The course description for my Monday night “Writing For Comics, Part 2” class reads thusly:
A master class on practical writing. Students will learn the standard applications of tropes and genres, the rules of pacing and scene work, the secrets of world building, character bibles, supporting casts, sub-plots, comedy writing, ongoing series and much more.
So. “Standard applications of tropes and genres.” That could be a very freighted thing. Last class we were freighting World Building.
As I said, before, Ty’s approach to teaching writing is very much about, “here is the template; fill it in, and you’ll have a sturdy foundation for your story.” His approach to world building for stories is no different. We spent the first third of the class working on the Successful World Building Formula. He wrote nine points on the board, and said, essentially, “make interesting decisions around these nine points that really speak to the story you want to tell, and you’ll have a compelling world.” Points number four and five were the ones that I thought were interesting.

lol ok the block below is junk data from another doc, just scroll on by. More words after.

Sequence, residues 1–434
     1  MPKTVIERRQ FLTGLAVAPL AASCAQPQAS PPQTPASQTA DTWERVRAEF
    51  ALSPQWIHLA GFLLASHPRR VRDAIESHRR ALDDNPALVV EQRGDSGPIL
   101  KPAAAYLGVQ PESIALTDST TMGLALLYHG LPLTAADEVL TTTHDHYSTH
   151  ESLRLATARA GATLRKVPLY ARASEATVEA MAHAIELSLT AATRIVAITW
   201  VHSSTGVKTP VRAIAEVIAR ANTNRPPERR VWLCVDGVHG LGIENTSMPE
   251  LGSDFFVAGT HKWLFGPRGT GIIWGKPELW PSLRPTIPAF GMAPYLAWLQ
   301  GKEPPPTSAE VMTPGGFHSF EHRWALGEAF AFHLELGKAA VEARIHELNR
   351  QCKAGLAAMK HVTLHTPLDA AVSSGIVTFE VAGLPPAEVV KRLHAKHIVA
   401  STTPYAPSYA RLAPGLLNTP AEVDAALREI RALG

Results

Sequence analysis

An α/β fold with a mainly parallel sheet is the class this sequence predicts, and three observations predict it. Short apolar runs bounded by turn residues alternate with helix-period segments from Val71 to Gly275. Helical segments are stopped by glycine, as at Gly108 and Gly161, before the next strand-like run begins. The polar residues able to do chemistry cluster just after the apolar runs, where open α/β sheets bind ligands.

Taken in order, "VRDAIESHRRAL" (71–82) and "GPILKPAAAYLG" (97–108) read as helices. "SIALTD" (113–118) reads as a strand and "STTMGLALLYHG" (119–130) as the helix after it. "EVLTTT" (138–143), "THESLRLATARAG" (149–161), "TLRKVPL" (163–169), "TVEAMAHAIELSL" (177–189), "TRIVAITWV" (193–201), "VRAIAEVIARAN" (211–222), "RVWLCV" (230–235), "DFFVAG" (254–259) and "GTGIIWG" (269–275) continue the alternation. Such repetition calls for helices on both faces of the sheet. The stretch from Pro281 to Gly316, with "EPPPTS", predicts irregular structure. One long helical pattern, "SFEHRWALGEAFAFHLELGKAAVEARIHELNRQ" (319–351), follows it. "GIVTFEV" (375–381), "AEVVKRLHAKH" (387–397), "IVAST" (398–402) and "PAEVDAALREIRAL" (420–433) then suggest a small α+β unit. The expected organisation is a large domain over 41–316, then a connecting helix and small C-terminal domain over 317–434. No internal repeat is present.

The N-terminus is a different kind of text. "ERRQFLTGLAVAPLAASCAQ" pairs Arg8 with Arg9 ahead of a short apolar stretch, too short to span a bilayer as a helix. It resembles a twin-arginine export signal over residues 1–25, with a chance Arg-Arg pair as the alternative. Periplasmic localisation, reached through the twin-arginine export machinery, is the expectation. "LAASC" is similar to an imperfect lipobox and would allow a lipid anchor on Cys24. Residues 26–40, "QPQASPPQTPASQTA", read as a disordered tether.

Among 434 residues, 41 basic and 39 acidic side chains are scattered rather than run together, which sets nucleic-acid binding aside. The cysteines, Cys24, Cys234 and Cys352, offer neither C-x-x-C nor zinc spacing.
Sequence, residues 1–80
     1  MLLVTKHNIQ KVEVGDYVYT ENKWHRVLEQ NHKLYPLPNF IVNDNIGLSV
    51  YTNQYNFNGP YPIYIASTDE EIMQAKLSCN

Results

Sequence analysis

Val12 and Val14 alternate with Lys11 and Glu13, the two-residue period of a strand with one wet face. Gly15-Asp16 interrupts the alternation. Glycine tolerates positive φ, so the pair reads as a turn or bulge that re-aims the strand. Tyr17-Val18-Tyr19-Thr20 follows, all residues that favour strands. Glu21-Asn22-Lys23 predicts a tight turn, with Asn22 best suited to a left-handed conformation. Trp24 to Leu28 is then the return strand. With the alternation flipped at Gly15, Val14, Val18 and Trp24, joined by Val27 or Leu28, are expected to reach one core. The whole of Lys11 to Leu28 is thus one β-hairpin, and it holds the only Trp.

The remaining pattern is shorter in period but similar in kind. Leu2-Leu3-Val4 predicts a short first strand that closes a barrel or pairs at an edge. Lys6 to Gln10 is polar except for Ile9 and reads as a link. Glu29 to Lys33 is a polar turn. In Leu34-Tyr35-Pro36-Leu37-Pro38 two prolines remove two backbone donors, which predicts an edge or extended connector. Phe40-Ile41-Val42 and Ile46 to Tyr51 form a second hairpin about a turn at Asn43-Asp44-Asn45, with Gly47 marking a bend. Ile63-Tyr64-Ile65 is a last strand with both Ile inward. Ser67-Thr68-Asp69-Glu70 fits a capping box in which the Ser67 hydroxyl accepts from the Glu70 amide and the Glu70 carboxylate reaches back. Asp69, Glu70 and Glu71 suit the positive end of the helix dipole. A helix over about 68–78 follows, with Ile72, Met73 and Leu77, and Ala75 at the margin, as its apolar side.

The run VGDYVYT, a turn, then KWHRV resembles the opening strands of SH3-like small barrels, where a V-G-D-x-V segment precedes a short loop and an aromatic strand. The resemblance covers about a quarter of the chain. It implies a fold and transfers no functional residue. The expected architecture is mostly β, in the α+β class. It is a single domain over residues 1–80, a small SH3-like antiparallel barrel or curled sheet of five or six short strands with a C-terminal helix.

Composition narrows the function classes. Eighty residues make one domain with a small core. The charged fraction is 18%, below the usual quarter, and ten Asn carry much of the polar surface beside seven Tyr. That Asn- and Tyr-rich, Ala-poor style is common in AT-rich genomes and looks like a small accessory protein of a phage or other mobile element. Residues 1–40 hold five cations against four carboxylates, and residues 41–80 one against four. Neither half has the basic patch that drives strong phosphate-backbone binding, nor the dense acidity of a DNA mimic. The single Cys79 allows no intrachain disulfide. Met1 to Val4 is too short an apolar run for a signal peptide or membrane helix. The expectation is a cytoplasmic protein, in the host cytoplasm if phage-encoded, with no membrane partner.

- Citizens of this world are different than the reader in a way that the reader can immediately recognize
- The protagonist of the story is different from the citizens
So I looked at that and thought: “This is the recipe for the ‘what these people need is a honky’ story structure.” The Last Samurai, Avatar, and so forth. So I raised this point in class and Ty’s response was, “Yes, but those were very popular stories. They did very well at the box office.”
And then we were off to another point. I get that he has a lot of material he’s trying to pack in to each night, and the class likes to get him on tangents (because he often tells entertaining stories about people in the comics industry), so when he feels like he’s behind, he yanks things back on topic. But to some extent I thought: “really? No cautions about stepping in to problematic areas? Heck, no checklists or templates for not stepping into problematic tropes?”
Avoiding being a racist douchecanoe: a self-work exercise for the student.